Shen and Huang (2008a) propose a dynamic factor model for 15-minute call arrivals to a bank call center. They assume that call arrivals are a Cox process. A Cox process [cf. Cox and Isham (1980)] is a Poisson process with a stochastic intensity, that is, a doubly stochastic Poisson process. The factor structure reduces the number of parameters by explaining the variability in the call arrival rate with a small number of unobserved variables. Estimation proceeds by iterating between an SVD and fitting Poisson generalized linear models to successively estimate the factors and their respective loadings. The intensity functions are assumed to be serially dependent. Forecasts are made by fitting a simple autoregressive time series model to the factor score series.

We assume that the hourly EMS call-arrival volume has a Poisson distribution. This allows parsimonious modeling of periods with small counts, conforms with the standard industry assumption, and avoids use of variance stabilizing transformations. We assume the intensity function is a random process and that it can be forecast using previous observations. This has an interpretation very similar to a Cox process, but is not equivalent since the random intensity is allowed to depend on not only its own history, but also on previous observations. We partition the random intensity function into stationary and nonstationary components.

Section 2 describes the general problem and our data set. Section 3 presents the proposed methodology. We consider a dynamic latent factor structure to model the nonstationary pattern in intraday call arrivals and greatly reduce the number of parameters. We include day-of-week and week-of-year covariates via simple constraints on the factor loadings of the nonstationary pattern. Smoothing splines are easily incorporated into estimation of the proposed model to impose a smooth evolution in the factor levels and loadings, leading to improved long-horizon forecast performance. We combine the factor model with stationary integer-valued time series models to capture the remaining serial dependence in the intensity process. This is shown to further improve short-term forecast performance of our approach. A simple iterative algorithm for estimating the proposed model is presented. It can be implemented largely through existing software. Section 4 assesses the performance of our approach using statistical metrics and a queueing model simulation. Section 5 gives our concluding remarks.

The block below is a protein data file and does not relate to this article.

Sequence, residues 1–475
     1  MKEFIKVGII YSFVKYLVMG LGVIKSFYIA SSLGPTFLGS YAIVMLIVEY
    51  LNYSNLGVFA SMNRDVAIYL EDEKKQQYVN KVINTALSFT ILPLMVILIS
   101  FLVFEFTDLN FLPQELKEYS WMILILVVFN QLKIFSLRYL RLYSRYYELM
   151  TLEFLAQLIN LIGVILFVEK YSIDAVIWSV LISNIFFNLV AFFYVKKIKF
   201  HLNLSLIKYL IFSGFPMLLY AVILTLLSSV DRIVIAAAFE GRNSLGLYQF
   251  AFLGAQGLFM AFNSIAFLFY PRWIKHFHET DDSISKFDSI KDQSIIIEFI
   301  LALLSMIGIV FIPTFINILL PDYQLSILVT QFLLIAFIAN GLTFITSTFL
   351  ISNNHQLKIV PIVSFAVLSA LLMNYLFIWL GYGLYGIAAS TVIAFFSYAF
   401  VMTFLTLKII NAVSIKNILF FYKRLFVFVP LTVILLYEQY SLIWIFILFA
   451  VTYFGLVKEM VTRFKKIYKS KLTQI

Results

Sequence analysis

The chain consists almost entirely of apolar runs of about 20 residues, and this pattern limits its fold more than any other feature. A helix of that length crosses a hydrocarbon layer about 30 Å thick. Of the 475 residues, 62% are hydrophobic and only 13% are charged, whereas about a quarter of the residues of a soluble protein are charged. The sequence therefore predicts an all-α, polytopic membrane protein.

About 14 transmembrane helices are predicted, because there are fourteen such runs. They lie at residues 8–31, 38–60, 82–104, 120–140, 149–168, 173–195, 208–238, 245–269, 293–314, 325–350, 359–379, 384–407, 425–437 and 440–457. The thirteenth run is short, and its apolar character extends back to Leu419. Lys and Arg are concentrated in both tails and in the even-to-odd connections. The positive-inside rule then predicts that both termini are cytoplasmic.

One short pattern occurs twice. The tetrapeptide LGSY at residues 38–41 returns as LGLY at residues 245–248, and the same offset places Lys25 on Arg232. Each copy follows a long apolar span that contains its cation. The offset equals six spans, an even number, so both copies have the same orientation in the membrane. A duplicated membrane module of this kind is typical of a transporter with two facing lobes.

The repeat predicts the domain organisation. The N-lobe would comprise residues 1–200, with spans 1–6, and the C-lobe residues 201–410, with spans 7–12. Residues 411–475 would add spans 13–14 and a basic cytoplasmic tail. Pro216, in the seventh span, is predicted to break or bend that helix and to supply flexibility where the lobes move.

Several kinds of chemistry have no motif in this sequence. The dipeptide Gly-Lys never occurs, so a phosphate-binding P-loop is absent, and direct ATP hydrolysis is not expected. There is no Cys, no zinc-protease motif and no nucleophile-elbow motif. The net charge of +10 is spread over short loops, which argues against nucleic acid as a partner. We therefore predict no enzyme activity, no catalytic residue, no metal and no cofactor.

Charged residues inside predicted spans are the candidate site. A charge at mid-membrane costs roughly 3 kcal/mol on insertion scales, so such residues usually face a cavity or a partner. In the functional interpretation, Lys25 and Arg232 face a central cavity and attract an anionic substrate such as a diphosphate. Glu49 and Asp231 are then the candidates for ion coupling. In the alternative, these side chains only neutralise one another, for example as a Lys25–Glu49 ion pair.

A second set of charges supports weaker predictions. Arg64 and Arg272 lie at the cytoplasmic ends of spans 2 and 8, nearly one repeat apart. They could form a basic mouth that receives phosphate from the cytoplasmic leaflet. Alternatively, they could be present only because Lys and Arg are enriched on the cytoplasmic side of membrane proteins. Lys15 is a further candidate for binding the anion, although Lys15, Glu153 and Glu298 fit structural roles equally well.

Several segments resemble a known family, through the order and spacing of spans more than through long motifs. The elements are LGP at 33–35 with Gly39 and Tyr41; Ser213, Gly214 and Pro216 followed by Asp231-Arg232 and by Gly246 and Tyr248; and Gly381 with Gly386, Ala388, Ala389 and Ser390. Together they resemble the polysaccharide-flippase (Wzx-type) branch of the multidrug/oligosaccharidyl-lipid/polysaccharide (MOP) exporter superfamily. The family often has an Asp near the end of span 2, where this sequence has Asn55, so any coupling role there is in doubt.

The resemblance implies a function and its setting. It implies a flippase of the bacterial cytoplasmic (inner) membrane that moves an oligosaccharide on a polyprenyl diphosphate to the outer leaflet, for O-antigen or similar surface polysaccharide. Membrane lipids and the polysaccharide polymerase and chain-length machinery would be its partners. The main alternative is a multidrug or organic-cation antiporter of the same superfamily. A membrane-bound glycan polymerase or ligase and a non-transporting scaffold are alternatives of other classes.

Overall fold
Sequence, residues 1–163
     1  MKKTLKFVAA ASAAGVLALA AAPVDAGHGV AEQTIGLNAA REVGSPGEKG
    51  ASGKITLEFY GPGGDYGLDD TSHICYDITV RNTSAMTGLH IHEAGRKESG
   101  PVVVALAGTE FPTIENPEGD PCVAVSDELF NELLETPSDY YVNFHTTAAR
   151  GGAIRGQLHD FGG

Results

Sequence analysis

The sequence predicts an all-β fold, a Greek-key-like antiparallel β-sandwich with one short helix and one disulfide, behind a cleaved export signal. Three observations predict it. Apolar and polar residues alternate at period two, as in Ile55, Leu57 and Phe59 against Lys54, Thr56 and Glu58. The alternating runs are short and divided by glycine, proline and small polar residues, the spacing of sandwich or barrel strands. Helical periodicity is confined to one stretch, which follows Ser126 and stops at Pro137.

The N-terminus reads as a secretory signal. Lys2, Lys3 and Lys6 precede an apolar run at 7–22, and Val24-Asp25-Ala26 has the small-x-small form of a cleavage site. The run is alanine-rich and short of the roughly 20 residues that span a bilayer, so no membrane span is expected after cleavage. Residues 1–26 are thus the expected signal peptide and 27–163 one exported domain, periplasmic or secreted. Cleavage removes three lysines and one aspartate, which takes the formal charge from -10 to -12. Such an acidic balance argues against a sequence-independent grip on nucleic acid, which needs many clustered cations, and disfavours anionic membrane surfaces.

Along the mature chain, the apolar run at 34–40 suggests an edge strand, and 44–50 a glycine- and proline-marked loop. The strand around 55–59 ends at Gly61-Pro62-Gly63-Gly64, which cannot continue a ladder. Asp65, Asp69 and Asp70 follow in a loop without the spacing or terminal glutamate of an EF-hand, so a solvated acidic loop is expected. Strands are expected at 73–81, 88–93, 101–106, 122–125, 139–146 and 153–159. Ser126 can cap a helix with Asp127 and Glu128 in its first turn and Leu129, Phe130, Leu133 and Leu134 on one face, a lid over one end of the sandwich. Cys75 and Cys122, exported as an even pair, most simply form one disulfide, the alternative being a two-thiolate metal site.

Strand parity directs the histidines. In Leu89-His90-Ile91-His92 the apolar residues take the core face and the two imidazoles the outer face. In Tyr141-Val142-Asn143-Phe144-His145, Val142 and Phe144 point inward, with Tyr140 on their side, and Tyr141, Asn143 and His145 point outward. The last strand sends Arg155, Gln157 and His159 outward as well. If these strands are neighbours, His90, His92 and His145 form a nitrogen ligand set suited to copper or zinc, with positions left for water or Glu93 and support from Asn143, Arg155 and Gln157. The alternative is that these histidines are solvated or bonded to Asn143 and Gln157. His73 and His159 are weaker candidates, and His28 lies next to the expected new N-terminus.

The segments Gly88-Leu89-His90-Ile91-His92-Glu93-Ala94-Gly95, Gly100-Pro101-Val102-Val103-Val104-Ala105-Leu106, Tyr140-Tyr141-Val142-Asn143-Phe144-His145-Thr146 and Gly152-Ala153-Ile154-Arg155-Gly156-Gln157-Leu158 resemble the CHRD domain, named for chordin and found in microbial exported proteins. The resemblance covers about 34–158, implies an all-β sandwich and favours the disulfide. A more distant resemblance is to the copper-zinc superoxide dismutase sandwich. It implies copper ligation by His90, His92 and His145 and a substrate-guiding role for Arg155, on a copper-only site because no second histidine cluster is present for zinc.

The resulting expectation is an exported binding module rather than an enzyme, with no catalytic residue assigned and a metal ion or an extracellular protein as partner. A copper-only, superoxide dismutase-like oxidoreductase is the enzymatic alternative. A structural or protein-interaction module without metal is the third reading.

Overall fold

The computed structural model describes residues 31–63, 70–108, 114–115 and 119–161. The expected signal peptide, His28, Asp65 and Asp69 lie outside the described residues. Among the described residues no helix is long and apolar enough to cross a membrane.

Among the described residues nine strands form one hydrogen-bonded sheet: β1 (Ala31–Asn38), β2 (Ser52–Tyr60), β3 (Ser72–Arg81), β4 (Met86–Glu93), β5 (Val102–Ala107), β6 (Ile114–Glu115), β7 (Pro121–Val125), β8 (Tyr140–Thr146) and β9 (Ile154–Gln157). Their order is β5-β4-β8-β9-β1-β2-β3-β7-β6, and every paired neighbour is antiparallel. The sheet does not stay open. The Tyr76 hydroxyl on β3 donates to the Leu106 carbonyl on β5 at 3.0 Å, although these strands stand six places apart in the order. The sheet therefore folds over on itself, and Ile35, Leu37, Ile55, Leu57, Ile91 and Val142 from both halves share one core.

2 Notation and data description

We assume that over short, equal-length time intervals, for example, one hour periods, the latent call arrival intensity function can be well approximated as being constant, and that all data have been aggregated in time accordingly. We suppose aggregated call arrivals follow a nonhomogeneous counting process , with discrete time index . Underlying this is a latent, real-valued, nonnegative intensity process . We further assume that conditional on , has a Poisson distribution with mean .